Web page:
Chesler duplicates certain anecdotes in consecutive pages, even paragraphs. She twice uses the same extended quotation from columnist Charles Krauthammer. She even repeats a joke about some disputatious Jews shipwrecked on a desert island. These gaffes betray an author who wrote in such a hurry that she lost track of her material, and they implicate an editor who failed to bring the most basic kind of order to a manuscript.
Having rightly perceived the contours of a new kind of anti-Semitism, Chesler rarely stops to analyze its development. How and why did it become part of the anti-globalism movement? How and when did Muslims begin adopting anti-Semitic tracts and myths created in Europe? When did Holocaust imagery start being used to attack Jews? What factors -- Muslim immigration to the West? cable television? the Internet? -- allowed the Al-Aksa Intifada to be internationalized in a way that the first intifada was not? And what has made the United States, despite some offensive incidents on college campuses, largely resistant to anti-Semitic propaganda?
To make such analyses is not to rationalize anti-Semitism; it is to help effectively fight against it. As a Jew and a Zionist, I want so much to be on Phyllis Chesler's side. As a reader and an author, however, I can only wish she had served our common cause in a more lucid and penetrating fashion. —Samuel G. Freedman, a professor of journalism at Columbia University, is the author most recently of "Jew vs. Jew: The Struggle for the Soul of American Jewry." (The Washington Post, Sunday, August 3, 2003)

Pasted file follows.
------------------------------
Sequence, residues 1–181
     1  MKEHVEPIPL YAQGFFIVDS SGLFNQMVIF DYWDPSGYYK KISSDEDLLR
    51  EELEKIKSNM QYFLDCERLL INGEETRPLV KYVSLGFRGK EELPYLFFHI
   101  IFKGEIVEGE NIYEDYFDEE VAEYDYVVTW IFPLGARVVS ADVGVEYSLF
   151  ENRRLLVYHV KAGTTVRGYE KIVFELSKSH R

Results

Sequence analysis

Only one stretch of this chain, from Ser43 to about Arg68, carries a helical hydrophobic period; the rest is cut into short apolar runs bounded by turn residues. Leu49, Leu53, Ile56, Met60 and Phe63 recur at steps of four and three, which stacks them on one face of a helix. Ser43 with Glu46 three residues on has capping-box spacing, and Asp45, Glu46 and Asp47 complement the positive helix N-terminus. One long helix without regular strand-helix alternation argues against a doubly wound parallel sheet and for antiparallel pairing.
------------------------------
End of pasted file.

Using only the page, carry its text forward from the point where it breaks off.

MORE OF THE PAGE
"Her book is a passionate polemic...Chesler offers insightful analysis into the psychology of the phenomenon." (Library Journal,September 15, 2003)

Phyllis Chesler, a well-known feminist and the author of Women and Madness, has written an impassioned response to what she calls "the new anti-Semitism." Part polemic, part history, her book posits Sept. 11 as the moment when an unprecedented form of anti-Semitism gained "respectability" among a wide spectrum of opponents of the state of Israel.